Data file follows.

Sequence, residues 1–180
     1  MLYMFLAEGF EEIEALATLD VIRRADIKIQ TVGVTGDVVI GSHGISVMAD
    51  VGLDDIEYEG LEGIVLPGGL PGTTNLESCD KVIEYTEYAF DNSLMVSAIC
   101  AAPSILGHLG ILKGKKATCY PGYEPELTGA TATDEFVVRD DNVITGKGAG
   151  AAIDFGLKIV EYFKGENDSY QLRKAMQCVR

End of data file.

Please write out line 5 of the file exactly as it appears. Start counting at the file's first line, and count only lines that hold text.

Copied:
   151  AAIDFGLKIV EYFKGENDSY QLRKAMQCVR